Very early breast cancer. This type of cancer has not spread within or outside the breast. It is sometimes called DCIS, LCIS or breast cancer in situ or noninvasive cancer.
The cancer is no larger than about one inch in size and has not spread outside the breast.
The doctor may find any of the following:
- The cancer is no larger than one inch, but has spread to the lymph nodes under the arm.
- The cancer is between one and two inches. It may or may not have spread to the lymph nodes under the arm.
- The cancer is larger than two inches, but has not spread to the lymph nodes under the arm.
Stage III is divided into stages IIIA and IIIB:
- The cancer is smaller than two inches and has spread to the lymph nodes under the arm. The cancer also is spreading further to other lymph nodes.
- The cancer is larger than two inches and has spread to the lymph nodes under the arm.
The doctor may find either of the following:
- The cancer has spread to tissues near the breast, such as the skin and chest wall, including the ribs and the muscles in the chest.
- The cancer has spread to lymph nodes inside the chest wall along the breastbone.
The cancer has spread to other parts of the body, most often the bones, lungs, liver or brain. Or, the tumor has spread locally to the skin and lymph nodes inside the neck, near the collarbone.
Inflammatory Breast Cancer
Inflammatory breast cancer is a rare, but very serious, aggressive type of breast cancer. The breast may look red and feel warm. You may see ridges, welts or hives on your breast; or the skin may look wrinkled. It is sometimes misdiagnosed as a simple infection.
Recurrent Breast Cancer
Recurrent disease means that the cancer has come back (recurred) after it has been treated. It may come back in the breast, in the soft tissues of the chest (the chest wall) or in another part of the body.
Breast Cancer In Situ – DCIS and LCIS
Many breast cancers being found are very early cancers known as breast cancer in situ or noninvasive cancer. Most of the cancers are found by mammography. These very early cells changes may become invasive breast cancer. Two types of breast cancer in situ are:
- Ductal carcinoma in situ (DCIS), which means that abnormal cells are found only in the lining of a milk duct of the breast. These abnormal cells have not spread outside the duct. They have not spread within the breast, beyond the breast, to the lymph nodes under the arm or to other parts of the body.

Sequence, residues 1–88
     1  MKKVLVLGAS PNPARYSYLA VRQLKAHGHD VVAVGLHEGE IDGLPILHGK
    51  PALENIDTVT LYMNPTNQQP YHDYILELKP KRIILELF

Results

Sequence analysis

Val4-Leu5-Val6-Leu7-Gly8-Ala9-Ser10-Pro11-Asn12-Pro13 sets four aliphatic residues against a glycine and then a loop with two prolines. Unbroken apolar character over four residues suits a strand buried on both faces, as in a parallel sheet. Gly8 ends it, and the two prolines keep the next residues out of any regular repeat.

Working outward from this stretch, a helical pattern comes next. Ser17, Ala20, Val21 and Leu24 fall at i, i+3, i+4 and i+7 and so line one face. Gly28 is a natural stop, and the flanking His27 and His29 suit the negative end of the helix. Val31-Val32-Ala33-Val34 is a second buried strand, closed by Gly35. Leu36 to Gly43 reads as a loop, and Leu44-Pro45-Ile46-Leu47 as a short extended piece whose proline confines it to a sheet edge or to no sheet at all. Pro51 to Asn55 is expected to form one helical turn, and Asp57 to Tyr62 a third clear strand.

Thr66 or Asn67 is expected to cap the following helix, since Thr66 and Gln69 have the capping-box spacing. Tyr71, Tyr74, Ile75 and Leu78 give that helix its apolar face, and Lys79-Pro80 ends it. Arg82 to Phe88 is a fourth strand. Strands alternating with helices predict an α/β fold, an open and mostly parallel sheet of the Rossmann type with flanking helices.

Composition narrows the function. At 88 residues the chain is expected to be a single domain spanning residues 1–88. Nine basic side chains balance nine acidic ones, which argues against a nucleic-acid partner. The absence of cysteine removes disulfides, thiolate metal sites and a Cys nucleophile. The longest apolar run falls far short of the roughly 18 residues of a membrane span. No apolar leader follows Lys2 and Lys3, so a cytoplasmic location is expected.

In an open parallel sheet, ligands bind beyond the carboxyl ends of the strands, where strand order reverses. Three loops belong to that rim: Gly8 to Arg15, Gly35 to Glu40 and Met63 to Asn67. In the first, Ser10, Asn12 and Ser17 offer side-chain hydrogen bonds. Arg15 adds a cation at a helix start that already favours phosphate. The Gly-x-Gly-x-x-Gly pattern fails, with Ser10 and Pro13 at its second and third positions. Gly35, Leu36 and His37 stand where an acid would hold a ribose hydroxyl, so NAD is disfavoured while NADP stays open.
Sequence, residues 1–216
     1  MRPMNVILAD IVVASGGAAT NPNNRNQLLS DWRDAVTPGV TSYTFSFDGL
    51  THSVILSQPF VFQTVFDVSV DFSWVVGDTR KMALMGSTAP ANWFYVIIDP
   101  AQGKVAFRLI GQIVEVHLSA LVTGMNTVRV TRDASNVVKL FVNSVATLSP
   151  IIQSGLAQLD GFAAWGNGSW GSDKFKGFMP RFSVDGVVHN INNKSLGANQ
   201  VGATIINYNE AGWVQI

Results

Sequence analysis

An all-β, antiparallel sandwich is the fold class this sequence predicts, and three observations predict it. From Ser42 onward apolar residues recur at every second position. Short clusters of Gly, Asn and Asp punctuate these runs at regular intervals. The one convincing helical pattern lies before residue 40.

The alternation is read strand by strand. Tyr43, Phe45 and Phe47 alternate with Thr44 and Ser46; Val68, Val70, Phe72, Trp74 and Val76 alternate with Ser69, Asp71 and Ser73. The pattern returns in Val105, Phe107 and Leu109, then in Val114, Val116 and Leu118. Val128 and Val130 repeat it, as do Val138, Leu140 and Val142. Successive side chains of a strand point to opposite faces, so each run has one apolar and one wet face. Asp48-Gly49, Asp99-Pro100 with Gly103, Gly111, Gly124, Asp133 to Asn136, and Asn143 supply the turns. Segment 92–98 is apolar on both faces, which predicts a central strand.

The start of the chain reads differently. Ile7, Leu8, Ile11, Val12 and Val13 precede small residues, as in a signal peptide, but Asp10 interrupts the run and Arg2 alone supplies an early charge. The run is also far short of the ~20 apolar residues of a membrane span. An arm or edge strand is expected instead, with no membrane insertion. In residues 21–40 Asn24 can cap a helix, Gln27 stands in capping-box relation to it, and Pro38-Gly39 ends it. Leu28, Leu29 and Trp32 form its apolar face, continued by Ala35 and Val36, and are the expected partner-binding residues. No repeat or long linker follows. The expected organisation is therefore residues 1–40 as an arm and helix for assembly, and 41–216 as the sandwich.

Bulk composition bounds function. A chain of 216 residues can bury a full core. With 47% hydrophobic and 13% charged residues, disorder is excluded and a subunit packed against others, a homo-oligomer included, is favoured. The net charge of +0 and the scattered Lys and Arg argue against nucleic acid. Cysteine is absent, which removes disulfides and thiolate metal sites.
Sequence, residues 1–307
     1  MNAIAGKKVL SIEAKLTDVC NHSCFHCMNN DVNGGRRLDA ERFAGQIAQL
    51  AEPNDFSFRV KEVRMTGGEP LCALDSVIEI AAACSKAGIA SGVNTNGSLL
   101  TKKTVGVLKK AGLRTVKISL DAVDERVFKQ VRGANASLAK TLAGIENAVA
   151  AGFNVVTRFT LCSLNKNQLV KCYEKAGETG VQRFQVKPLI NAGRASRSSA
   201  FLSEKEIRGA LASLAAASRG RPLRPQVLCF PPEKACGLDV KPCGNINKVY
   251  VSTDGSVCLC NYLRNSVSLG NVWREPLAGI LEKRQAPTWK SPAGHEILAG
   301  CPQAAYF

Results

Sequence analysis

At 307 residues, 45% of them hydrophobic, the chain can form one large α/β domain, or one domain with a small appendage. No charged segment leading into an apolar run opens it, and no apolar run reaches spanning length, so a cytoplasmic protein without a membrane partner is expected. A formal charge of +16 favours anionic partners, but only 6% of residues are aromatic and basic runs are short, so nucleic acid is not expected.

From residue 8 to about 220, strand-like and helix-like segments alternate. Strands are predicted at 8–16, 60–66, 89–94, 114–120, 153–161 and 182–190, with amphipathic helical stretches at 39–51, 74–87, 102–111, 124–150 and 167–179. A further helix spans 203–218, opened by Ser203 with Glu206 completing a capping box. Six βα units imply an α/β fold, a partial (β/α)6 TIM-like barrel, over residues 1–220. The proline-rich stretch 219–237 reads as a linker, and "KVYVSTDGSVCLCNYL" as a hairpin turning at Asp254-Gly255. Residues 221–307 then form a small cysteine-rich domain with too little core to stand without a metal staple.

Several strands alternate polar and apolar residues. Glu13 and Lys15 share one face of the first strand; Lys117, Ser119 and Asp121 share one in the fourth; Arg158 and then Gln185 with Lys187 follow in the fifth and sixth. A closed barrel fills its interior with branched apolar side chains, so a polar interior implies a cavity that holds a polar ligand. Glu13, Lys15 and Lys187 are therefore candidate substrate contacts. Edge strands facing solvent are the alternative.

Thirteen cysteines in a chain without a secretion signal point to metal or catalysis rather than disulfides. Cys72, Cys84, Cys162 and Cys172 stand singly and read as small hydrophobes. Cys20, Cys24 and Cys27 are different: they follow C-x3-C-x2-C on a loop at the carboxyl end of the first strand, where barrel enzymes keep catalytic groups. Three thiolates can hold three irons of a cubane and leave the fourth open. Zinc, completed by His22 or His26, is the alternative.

There are several types of DCIS. If not removed, some types may change over time and become invasive cancers. Some may never become invasive cancers. DCIS is sometimes call intraductal carcinoma.
- Lobular carcinoma in situ (LCIS), which means that abnormal cells are found in the lining of a milk lobule. Although LCIS is not considered to be actual breast cancer at this noninvasive stage, it is a warning sign of increased risk of developing invasive cancer.
LCIS is sometimes found when a biopsy is done for another lump or unusual change that is found on a mammogram.
Most women who are treated for early breast cancer go on to live healthy, active lives. You may have more choices of treatment if your breast cancer is found early.
Treatments have changed over time. Today, many women who are diagnosed with breast cancer do not have to lose a breast. Because there are improved ways to treat breast cancer, it is more important than ever for you to learn all you can. Working with your team of medical specialists, you can play a key role in choosing the treatment that is best for you.
Once your doctor has determined your specific type and stage of breast cancer, you can begin to plan for your treatment and recovery. Your chance of recovery will depend on many factors, including:
- The type and stage of your cancer. The kind of cancer, the size of the tumor and whether it is only in your breast or has spread to any lymph nodes or to other parts of your body.
- How fast the cancer is growing. Special tests on the tissue can measure how fast the cancer cells are dividing and how different they are compared to normal breast cells.
- How much the breast cancer cells depend on female hormones (estrogen and progesterone) for growth. This can be measured by hormone receptor tests. Patients whose tumors are found to be dependent on hormones (described as estrogen-positive or progesterone positive) can be treated with hormonal therapy to prevent further growth or recurrence of breast cancer.
- Your age and menopausal status.
- Your general state of health.
The material in the above sections is taken in its entirety from the National Cancer Institute Booklet (No. 98-4251) entitled, "Understanding Breast Cancer Treatment: A Guide for Patients."
Basic Facts About Breast Health:
UCSF Health medical specialists have reviewed this information. It is for educational purposes only and is not intended to replace the advice of your doctor or other health care provider. We encourage you to discuss any questions or concerns you may have with your provider.
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Mastectomy: Instructions After Surgery
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Navigating Your Path to Breast Care
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Breast Care Center in Marin
1100 S. Eliseo Dr., Suite 1
Greenbrae, CA 94904
Carol Franc Buck Breast Care Center
1825 Fourth St., Third Floor
San Francisco, CA 94158